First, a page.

Mental health: Four unique challenges facing Chinese international students

By Justin Chen, psychiatrist at Massachusetts General Hospital, and Lusha Liu, psychiatrist In April, Harvard University sophomore Andrew Sun jumped to his death from a seven-story building in Boston. He was 20 years old. News of Sun’s suicide shocked the Harvard community. The well-liked young man originally from China had moved as a rising high school sophomore to the United States, where he quickly distinguished himself as an outstanding and ambitious student. At Harvard he studied economics, tutored children in South Boston and was active in a campus Christian association; colleagues there remembered him as a caring and supportive friend … Continue reading

How to combat constipation in children

By Khoa Tran, MD, Tufts Medical Center (Khoa Tran) “Minna Unchi” (“Everybody Poops”), a Japanese children’s book by Tarō Gomi, has long been used by parents to teach their children about the natural process of having bowel movements. In addition to showing a variety of different animals such an elephant or a mouse passing stool, it shows that babies use a diaper, small children use a small potty toilet and older children use a toilet. And while that remains the ideal progression, for many families, the process of teaching children how to transition from diapers to a potty toilet is … Continue reading

What is fructose and why should it be put behind bars?


By Dr. John Leung (梁爾尊醫師) and Paige Cross, Tufts Medical Center (搭芙茨醫療中心) What is fructose intolerance? Fructose intolerance occurs when the body cannot fully absorb fructose. When the unabsorbed fructose reaches the colon, it is turned into hydrogen gas by bacteria, leading to abdominal symptoms when fructose is consumed. What is fructose? Fructose is a sugar that can be consumed by itself or as a component of sucrose (table sugar). Many fruits are high in fructose, as are many processed foods made with high fructose corn syrup (HFCS), such as soda and flavored yogurts. What are the symptoms? 1. Gas … Continue reading

Why am I not allowed to eat and drink before surgery?

A medical team performs three-dimensional minimally invasive surgery at Walter Reed Army Medical Center in Washington D.C. on June 24, 2011. (Photo by John Chew)

By Pei-shan Zhao, MD To answer this question, let’s start with some basic knowledge. Fifty percent of the water we drink passes through the stomach in 10 minutes and the stomach is almost empty in one hour. Even caloric fluids like sugar water will all be passed through the stomach after 90 minutes. In contrast, approximately 50 percent of solid food is passed through the duodenum (the intestine immediately connected to the stomach) roughly two hours after a meal. It takes much longer for the stomach to empty solid food. A lot of things affect gastric emptying. It takes longer … Continue reading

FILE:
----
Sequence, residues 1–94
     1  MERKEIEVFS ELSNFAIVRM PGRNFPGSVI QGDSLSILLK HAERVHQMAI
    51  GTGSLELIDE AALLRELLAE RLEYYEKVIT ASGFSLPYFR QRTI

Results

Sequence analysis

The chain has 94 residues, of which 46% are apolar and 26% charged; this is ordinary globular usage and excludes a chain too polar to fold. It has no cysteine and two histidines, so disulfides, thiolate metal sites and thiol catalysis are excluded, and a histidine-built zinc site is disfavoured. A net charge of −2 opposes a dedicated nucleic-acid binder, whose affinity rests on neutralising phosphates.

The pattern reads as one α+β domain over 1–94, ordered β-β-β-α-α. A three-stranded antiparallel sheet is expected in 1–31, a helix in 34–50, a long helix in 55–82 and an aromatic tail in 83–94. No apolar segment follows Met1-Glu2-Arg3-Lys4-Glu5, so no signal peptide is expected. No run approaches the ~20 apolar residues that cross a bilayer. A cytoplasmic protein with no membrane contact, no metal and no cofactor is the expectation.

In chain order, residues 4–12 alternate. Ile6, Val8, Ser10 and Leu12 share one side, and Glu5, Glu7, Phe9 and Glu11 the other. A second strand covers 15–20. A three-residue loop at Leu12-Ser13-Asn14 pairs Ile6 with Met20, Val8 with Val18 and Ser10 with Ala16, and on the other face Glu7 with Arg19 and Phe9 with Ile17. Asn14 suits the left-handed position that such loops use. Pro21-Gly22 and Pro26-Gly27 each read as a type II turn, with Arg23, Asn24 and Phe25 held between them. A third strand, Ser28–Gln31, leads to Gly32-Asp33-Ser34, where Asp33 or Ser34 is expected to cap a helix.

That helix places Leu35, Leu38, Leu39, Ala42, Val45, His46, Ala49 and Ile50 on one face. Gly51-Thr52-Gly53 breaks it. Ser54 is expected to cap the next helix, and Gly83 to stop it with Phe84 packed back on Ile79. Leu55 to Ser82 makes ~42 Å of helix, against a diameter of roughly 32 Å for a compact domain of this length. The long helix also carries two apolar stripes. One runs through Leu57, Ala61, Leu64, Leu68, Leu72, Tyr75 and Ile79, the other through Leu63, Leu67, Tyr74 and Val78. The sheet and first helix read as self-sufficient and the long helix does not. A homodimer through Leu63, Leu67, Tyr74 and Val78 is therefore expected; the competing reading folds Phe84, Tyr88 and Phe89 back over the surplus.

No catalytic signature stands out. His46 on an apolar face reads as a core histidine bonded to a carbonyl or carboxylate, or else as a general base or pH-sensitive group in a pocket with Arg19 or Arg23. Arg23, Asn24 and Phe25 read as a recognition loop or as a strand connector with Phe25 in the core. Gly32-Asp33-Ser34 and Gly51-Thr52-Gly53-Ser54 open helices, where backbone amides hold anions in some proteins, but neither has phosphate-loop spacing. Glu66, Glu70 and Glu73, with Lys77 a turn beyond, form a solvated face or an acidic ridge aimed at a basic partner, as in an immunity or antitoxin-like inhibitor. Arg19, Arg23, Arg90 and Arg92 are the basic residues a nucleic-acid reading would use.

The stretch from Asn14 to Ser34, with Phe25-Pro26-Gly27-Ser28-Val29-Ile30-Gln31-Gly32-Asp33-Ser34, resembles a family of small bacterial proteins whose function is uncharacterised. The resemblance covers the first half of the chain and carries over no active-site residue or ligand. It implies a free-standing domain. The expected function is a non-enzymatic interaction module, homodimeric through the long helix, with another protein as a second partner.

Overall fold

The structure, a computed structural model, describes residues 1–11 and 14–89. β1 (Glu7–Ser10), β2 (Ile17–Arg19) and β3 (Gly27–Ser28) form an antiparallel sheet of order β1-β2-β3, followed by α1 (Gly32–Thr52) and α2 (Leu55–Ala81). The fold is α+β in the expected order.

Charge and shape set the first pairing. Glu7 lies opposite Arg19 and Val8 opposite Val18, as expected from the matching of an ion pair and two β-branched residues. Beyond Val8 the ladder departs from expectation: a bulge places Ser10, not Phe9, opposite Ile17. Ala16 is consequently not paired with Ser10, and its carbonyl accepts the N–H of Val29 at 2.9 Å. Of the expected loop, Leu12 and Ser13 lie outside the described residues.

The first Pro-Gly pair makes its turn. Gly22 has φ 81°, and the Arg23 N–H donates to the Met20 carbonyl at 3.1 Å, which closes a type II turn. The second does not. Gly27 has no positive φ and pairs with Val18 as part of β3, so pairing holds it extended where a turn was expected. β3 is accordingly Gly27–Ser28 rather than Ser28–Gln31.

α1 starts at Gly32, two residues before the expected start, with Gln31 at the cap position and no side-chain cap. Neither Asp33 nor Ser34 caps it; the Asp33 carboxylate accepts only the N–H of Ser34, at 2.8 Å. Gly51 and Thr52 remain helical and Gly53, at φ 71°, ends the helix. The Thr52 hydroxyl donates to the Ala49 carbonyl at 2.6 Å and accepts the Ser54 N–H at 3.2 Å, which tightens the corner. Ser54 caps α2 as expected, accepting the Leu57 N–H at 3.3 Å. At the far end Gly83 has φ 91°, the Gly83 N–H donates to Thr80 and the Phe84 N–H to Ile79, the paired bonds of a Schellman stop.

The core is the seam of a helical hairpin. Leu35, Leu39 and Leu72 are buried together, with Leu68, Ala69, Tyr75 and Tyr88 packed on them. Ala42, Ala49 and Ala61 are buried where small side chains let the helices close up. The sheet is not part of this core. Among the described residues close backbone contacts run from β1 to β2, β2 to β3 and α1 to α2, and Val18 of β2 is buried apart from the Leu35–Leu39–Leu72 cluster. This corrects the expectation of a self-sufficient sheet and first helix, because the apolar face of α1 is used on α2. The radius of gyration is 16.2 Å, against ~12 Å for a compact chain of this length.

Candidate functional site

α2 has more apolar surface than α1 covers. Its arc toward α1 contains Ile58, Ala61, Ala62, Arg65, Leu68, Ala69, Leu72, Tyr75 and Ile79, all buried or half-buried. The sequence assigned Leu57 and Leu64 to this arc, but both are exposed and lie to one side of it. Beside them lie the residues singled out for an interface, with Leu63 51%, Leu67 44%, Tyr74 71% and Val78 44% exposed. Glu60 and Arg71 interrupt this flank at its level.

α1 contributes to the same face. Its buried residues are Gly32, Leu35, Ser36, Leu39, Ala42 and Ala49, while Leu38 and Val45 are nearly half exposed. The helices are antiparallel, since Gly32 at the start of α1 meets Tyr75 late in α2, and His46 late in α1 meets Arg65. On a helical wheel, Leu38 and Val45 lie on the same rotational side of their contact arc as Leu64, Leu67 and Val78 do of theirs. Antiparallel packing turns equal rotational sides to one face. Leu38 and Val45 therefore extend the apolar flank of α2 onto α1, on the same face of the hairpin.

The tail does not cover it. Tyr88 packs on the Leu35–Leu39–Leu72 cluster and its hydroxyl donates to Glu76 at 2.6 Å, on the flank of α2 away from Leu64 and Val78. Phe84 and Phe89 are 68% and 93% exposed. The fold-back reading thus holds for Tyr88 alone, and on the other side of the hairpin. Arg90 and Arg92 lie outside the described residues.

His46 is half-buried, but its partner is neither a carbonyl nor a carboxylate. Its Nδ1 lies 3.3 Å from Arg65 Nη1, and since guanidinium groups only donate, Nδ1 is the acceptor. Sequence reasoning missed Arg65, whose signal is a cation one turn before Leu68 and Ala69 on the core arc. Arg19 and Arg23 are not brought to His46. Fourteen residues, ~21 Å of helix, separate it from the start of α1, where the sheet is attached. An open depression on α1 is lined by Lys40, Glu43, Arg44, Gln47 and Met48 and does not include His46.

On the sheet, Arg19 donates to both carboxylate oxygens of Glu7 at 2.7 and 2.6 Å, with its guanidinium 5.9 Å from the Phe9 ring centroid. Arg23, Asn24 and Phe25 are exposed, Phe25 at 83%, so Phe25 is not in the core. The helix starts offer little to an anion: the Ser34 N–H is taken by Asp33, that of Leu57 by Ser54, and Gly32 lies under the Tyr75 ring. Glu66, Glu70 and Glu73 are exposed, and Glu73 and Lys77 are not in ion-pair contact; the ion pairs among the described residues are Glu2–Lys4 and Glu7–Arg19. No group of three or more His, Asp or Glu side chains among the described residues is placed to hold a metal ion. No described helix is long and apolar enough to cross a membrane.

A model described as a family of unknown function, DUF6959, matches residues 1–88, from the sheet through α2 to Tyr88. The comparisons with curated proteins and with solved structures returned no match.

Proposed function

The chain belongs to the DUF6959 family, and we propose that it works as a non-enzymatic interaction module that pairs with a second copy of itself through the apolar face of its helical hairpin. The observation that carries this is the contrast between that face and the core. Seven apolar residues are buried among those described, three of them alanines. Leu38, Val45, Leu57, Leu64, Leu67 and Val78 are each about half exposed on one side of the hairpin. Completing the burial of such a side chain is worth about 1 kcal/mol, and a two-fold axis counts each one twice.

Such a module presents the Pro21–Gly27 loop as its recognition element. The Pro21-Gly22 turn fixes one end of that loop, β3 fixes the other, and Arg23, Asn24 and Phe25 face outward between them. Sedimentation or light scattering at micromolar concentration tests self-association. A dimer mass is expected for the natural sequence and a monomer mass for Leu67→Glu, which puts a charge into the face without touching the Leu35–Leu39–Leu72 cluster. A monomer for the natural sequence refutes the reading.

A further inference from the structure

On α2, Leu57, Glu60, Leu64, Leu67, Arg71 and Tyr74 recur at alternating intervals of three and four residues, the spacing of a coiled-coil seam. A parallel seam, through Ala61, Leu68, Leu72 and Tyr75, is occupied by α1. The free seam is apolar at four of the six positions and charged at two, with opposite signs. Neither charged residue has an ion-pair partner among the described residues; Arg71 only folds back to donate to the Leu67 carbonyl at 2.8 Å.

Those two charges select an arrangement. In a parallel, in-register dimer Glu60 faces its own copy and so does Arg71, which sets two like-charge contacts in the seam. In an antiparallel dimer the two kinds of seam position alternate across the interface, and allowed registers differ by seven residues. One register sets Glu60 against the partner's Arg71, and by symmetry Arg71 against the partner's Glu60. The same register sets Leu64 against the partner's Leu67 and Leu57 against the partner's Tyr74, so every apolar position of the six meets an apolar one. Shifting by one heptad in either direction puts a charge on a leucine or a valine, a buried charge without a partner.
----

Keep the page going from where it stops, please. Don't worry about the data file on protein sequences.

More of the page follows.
The joys and stresses of having a child: What Asian families need to know

By Dr. Cindy H. Liu, psychologist, Beth Israel Deaconess Medical Center, Harvard Medical School   For most, having a baby is one of life’s greatest joys. Friends and family members often celebrate with the parents on the birth of their child. Hand in hand with that excitement, of course, is adjusting to a new member of the household, which may include difficulties with feeding, sleepless nights and juggling a new schedule. However, some parents experience challenges beyond these concerns, and show signs of depression, anxiety or even psychosis. This distress can occur among both mothers and fathers, although the majority … Continue reading

Feed your head : Protecting our aging brains with diet

Sponsored by Harvard Pilgrim Health Care’s Eastern Harmony program Grace Slick said it and she had it right. Neuroscientists now believe we can significantly boost our chances of maintaining a healthy brain well into old age. Just ask Gary Wenk, professor of psychology, neuroscience and medical genetics at Ohio State University. Dr. Wenk wrote the book, “Your Brain on Food,” and is at the forefront of growing evidence showing that dementia can be deterred or even prevented by eating the right foods and living well. Like drugs, food is made up of chemicals. As with medicine, everything we eat has an … Continue reading